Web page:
Commentary: DACA Turns 10, More Action Needed
Authored by Brenda Kirk and originally published on baptiststandard.com
How long, Lord? How long will we take to fix a wrong? As we pass the June 15 10-year anniversary of the executive order known as Deferred Action for Childhood Arrivals, I wonder how much longer will it take?
Caught in the debate
Twenty years ago, there was a vote in congress to protect children of undocumented immigrants. These children came to this country as infants, toddlers and young children. That was the first failure to fix a broken law.
Nowhere in U.S. law or in biblical teaching do we hold a child responsible for decisions made by adults, except in the immigration system.
Debate after debate occurred during the next 10 years. Bills were introduced every legislative session by leaders from both parties, yet our leaders could not find common ground or let compromise find its way to solutions.
The heart of a father with teenaged daughters and public outcries resulted in an executive action. This action was intended to be a stop-gap safety net for thousands of children graduating from high school with no ability to continue advancing their education, drive a car or take a job as their friends were doing.
Often, these children had assumed they were born in the United States and only began to realize the doors were closing at a time in life when so many possibilities set the stage for their future.
That reality again is facing nearly 100,000 graduating seniors across the country, as cited in a recent article in The Hill, as the short-term executive order no longer provides protection for many.
The executive order required these children reaching 18 years of age or older to complete applications, pay fees and undergo background checks to be granted protection from deportation, eligibility to work, to apply for a driver’s license and serve in the U.S. military. This process required renewal every two years.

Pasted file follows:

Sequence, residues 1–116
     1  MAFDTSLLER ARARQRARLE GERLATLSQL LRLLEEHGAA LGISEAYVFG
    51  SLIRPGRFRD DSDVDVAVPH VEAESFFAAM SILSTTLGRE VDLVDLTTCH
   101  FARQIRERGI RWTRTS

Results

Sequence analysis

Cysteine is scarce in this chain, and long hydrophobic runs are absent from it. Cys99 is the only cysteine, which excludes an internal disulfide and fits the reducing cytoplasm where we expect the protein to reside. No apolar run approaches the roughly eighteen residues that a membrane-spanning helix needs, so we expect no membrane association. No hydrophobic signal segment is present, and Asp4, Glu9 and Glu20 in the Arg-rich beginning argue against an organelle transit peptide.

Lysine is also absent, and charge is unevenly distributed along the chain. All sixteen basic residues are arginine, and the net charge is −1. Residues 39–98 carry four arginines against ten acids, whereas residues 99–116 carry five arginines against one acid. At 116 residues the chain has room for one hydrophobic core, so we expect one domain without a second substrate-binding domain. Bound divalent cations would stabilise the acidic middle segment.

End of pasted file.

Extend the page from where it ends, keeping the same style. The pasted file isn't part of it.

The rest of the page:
The decision to apply was difficult for these emerging adults. They often struggled with shame and worry. Would their parents or other family members be at greater risk of deportation during a time of increasing hostilities?
I spent thousands of hours praying with and for these young adults as they navigated the process. I have watched them grow to amazing adults, despite 10 years and of inaction, litigation and hate-filled commentary on the nightly news.
Litigation has halted applications for thousands of young people as they reach that magic age. Litigation for action in early July drives a risk of termination of the protection for nearly all Dreamers, those participating in DACA or who are DACA-eligible.
According to the American Immigration Council, Texas has 204,453 DACA-eligible residents with 95.2 percent in the labor force, contributing $963.4 million in state, local and federal taxes, and nearly 9,000 entrepreneurs creating jobs and building a stronger economy.
While these numbers tell an impressive story, my concerns are rooted in a commitment to the authority of the Bible, in which God repeatedly affirms his love and concern for vulnerable foreigners and instructs his people to do the same.
God also established the family unit, which compels us to protect family unity wherever possible, and ordains civil authorities to maintain order and seek the common good. The Evangelical Immigration Table has issued a call to action expressing this objective.
I pray daily God will protect these amazing Americans and their families from the hurt that comes when we group people in small and demeaning ways.
I pray the church will come alongside these families and see them as Christ sees them, understanding he moves people for his good and perfect plan.
I pray we will welcome them with love and joy based on their character, their family values and their love of this country.
I pray our elected officials will come together in bipartisanship, and act and resolve to provide a pathway to citizenship for DACA, DACA-Eligible and Dreamers.
I pray God will restore this nation to one of honor and character—one nation under God, indivisible, with liberty and justice for all.
Finally, I pray you will join me in these prayers.
Brenda Kirk is the south central mobilizer for the National Immigration Forum.